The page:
Out of his envy of Abel having his sacrifice accepted by God while his own offering was rejected he chose to take the life of his own brother.
8 One day Cain suggested to his brother, “Let’s go out into the fields.” And while they were in the field, Cain attacked his brother, Abel, and killed him. 9 Afterward the Lord asked Cain, “Where is your brother? Where is Abel?” “I don’t know,” Cain responded. “Am I my brother’s guardian?” Genesis 4:8-9 (NLT)
How could this happen? It happened because of the residual affects of sin. Cain chose to make the same foolish mistake his parents had made and disregard God’s instructions. Their self-willed attitude and disobedience to God’s instructions rubbed off on him.
We all run that risk when we disobey God. We not only break God’s heart and hinder our walk with Him, but we’re also like poison ivy to those with whom we come into contact.
I had a very small allergic reaction to poison ivy last week. A small place on my forearm and a small place on my shin began to itch several days after I removed a truckload of vines from the side of a building.
This is only the second or third time in my life that I’ve had an allergic reaction to poison ivy. And it’s never been very bad. The couple of times I’ve been affected the area of my skin bothered was small and it didn’t spread.
But I remember growing up that my two older brothers weren’t so lucky. I’ve seen them in terrible misery from the affects of an allergic reaction to "Toxicodendron radicans." (Makes poison ivy sound even more wicked when you use it’s scientific name. "Toxicodendron radicans." Sounds like an evil character out of Star Wars.)
I’ve seen my two older brothers with their eyes nearly swollen shut from an allergic reaction to poison ivy. I’ve seen them covered with calamine lotion. My skin would itch just looking at them!
Cain was exposed to a rebellious attitude against God and it stuck with him. We know that Abel chose to obey.
You say, “See there, I can sin all I want to and rebel against God and my kids may not be affected, my family members won’t be influenced.” Perhaps not. Maybe they won’t have an allergic reaction to the poison ivy of sin.
Thank God He has given each of us a free will. But why make it difficult for those we love to obey God by setting a bad example? Sin is never a solo pursuit. Even if those you love don’t follow your bad example, their hearts will be broken watching you miss out on the joys of walking in the light of God’s truth.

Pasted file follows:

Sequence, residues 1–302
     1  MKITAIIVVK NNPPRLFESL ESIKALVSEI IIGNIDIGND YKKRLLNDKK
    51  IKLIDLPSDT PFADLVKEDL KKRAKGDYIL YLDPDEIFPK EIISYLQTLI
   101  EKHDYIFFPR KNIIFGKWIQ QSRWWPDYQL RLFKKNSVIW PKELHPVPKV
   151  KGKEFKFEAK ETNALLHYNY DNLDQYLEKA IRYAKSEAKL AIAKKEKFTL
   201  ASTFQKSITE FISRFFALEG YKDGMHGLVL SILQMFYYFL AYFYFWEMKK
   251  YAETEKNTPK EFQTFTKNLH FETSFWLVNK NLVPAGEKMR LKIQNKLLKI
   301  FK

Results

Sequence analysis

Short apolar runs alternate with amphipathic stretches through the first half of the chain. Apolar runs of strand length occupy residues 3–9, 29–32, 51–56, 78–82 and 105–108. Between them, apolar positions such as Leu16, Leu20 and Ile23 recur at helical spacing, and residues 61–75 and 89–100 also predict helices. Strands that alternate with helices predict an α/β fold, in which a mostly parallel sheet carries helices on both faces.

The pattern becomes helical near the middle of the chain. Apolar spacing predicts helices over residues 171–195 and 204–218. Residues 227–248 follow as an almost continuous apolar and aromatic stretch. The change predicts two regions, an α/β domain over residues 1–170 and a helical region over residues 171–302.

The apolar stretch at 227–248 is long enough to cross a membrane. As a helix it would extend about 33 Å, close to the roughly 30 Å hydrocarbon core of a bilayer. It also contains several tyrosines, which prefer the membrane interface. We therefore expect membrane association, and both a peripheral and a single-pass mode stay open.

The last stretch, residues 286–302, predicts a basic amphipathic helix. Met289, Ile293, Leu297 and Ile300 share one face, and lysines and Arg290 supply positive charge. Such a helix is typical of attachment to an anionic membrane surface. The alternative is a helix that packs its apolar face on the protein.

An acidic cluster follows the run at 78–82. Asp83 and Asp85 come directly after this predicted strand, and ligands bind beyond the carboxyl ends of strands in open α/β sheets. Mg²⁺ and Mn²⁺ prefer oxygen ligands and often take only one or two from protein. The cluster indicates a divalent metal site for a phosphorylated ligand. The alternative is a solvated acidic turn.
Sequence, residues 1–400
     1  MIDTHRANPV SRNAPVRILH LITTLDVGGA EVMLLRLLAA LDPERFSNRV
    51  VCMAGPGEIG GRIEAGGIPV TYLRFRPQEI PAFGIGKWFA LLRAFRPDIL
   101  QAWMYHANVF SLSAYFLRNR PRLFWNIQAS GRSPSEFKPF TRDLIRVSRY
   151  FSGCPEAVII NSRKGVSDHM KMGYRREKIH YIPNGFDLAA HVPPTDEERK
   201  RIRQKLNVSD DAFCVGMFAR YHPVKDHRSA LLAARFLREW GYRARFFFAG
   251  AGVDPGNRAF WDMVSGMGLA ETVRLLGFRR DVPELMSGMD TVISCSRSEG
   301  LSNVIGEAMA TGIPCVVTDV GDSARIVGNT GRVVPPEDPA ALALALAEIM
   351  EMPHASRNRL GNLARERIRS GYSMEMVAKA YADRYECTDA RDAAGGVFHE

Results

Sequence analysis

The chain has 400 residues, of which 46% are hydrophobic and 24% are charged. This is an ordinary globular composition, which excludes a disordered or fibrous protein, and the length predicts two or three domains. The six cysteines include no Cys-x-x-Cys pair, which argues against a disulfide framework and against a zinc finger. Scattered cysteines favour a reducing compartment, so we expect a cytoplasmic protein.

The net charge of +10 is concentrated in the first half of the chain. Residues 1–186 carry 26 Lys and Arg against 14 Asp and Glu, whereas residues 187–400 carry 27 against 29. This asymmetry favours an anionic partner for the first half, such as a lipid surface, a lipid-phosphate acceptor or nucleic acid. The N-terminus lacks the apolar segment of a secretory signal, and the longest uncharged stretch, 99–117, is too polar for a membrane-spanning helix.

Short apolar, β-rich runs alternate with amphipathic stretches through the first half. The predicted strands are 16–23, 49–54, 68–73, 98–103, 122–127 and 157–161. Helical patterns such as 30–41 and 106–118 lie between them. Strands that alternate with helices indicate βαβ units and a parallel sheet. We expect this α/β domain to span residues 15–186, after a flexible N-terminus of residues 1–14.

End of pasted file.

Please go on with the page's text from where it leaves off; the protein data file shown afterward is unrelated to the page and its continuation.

So a solemn family-flaw warning. Sin is never a solo pursuit. Others in your family may not follow in your disobedient footsteps – but your attitude and your actions will affect their lives!
Now two quick positive principles about Surviving Family Flaws from what we’ve read about the first family.
WE CAN SURVIVE FAMILY FLAWS BY FAITH IN GOD’S LOVE FOR US!
None of us grew up in perfect homes. We’re just like Cain and Abel. Our folks had flaws. Our kids will grow up and look back on our flaws. Abel was able (smile) to overcome family flaws. He was walking with God just like his parents had done before paradise lost. He was able to regain fellowship with God by faith!
I reiterate what the Bible says about Abel: "It was by faith that Abel brought a more acceptable offering to God than Cain did. Abel’s offering gave evidence that he was a righteous man, and God showed his approval of his gifts. Although Abel is long dead, he still speaks to us by his example of faith." Hebrews 11:4 (NLT)
Was it difficult for Cain to bring an animal sacrifice because it cost more? We’re not told. The one thing we know for sure is that he didn’t have faith in God. He didn’t trust God. He didn’t realize how very much God loved him and wanted to be his friend.
If we will have faith that God has our best interest in mind we’ll learn and observe his instructions. We’ll establish a relationship with Him by faith – by trusting in God. We don’t have to be victimized by our own flaws or those of our family. We can trust God and change the course of our family history!
Or, if we chose, we can be like Cain. We can be religious but aimless because our religion is not mixed with faith. Oh yes Cain was religious. He brought his offering to God – it just wasn’t an offering motivated by faith.
This attitude of Cain teaches us the second positive principle about surviving family flaws.
WE SURVIVE FAMILY FLAWS BY BECOMING MASTER OF OUR WORLDVIEW.
A worldview is not only how you see things in the world around you, but your attitude about what you see. If I have a skewed view of the world like Cain I’m going to do something stupid. If I have a bad attitude I’m going to do something selfish. I’m going to hurt those who love me.
Remember what God said to Cain after having rejected his offering?
“You will be accepted if (circle that word “if”) you do what is right. But if you refuse to do what is right, then watch out! Sin is crouching at the door, eager to control you. But you must subdue it and be its master.” Genesis 4:7 (NLT)
Charlie Brown to Linus: “What would you do if you felt that nobody liked you?”
Linus: “Well Charlie Brown, I guess I would take a real hard look at myself, ask if I’m doing anything that turns people off; how can I improve myself; do I need to change in some way? Yep, that’s my answer Charlie Brown.
Charlie Brown: “I hate that answer.”
Deep down we all have reservations about that answer. Our humanness is prone to be self-centered. We don’t want to master our selfish desires. We want to give in to them. But we know that when we do we often hurt those who love us.